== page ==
Publication Date




Short version published in the Proceedings of the 17th World Congress of the International Association for Mathematics and Computers in Simulation IMACS'2005, Paris, France, July 11-15, 2005; full paper published in Journal of Computational and Applied Mathematics, 2007, Vol. 199, No. 2, pp. 403-410.


Expert knowledge consists of statements Sj (facts and rules). The expert's degree of confidence in each statement Sj can be described as a (subjective) probability (some probabilities are known to be independent). Examples: if we are interested in oil, we should look at seismic data (confidence 90%); a bank A trusts a client B, so if we trust A, we should trust B too (confidence 99%). If a query Q is deducible from facts and rules, what is our confidence p(Q) in Q? We can describe Q as a propositional formula F in terms of Sj; computing p(Q) exactly is NP-hard, so heuristics are needed.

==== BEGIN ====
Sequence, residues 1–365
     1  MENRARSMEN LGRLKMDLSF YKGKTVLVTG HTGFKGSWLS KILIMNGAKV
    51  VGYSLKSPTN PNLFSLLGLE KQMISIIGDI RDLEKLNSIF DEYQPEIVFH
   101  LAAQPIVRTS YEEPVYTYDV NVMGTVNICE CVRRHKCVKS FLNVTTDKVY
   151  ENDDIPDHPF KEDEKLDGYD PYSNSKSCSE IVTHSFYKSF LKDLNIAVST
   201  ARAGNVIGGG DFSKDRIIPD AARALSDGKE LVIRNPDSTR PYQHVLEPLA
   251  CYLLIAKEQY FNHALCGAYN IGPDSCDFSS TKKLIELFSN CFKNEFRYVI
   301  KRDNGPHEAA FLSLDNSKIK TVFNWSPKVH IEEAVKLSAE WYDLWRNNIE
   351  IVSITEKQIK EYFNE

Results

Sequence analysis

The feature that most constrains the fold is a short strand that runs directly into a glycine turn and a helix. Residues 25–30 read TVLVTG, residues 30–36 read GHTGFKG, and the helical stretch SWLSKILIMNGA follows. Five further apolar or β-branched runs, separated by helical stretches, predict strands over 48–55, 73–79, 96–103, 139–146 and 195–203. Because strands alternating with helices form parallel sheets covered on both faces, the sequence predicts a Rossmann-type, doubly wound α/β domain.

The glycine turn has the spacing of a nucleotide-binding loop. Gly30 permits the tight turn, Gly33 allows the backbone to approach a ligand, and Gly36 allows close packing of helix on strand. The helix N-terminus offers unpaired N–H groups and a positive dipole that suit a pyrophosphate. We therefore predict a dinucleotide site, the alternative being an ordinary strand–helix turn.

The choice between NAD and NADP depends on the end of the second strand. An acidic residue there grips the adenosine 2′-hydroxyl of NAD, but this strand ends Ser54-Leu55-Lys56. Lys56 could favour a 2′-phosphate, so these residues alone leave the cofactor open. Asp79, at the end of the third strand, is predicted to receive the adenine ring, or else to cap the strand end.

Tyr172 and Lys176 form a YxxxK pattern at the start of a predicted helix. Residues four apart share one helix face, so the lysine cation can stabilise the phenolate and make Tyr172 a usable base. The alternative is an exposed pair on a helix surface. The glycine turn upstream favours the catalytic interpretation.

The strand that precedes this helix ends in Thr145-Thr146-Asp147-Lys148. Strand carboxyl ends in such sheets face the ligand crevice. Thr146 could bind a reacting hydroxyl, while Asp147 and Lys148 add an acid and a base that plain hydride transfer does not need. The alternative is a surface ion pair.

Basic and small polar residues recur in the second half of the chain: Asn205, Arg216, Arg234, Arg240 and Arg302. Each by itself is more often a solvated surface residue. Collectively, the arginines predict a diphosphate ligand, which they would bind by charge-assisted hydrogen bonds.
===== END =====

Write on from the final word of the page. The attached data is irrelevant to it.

Traditionally, expert systems use technique similar to straightforward interval computations: we parse F and replace each computation step with corresponding probability operation. Problem: at each step, we ignore the dependence between the intermediate results Fj; hence intervals are too wide. Example: the estimate for P(A\/~A) is not 1. Solution: similarly to affine arithmetic, besides P(Fj), we also compute P(Fj & Fi) (or P(Fj & ... & Fk)), and on each step, use all combinations of l such probabilities to get new estimates. Results: e.g., P(A\/~A) is estimated as 1.

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Updated version: UTEP-CS-04-37a

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Original file: UTEP-CS-04-37